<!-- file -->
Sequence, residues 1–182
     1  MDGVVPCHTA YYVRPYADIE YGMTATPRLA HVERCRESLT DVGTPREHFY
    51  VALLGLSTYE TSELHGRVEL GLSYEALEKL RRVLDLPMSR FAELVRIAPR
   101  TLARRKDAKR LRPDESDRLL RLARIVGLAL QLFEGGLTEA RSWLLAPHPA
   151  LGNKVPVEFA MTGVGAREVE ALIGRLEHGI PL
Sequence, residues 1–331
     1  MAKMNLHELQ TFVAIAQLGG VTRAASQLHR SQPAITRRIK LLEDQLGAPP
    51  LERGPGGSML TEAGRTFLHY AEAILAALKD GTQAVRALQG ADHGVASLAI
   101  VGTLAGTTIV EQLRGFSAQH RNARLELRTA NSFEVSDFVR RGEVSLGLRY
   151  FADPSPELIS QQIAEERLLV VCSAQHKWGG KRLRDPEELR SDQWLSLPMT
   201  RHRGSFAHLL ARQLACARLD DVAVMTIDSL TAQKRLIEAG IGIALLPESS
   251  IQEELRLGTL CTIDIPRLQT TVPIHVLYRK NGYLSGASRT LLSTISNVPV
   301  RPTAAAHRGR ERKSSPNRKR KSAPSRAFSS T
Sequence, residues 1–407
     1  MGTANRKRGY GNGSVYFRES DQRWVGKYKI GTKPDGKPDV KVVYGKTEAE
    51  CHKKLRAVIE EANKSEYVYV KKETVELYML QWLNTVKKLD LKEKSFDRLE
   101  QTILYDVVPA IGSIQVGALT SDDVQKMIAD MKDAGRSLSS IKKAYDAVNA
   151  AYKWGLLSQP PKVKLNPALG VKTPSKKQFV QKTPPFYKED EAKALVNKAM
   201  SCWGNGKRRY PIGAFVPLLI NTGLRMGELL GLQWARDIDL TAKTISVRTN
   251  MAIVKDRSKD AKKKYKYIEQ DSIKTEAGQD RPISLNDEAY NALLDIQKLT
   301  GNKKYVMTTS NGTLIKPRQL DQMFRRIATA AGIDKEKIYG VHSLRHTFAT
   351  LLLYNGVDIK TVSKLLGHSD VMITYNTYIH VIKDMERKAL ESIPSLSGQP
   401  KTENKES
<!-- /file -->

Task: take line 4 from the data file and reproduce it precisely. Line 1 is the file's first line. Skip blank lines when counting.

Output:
   101  TLARRKDAKR LRPDESDRLL RLARIVGLAL QLFEGGLTEA RSWLLAPHPA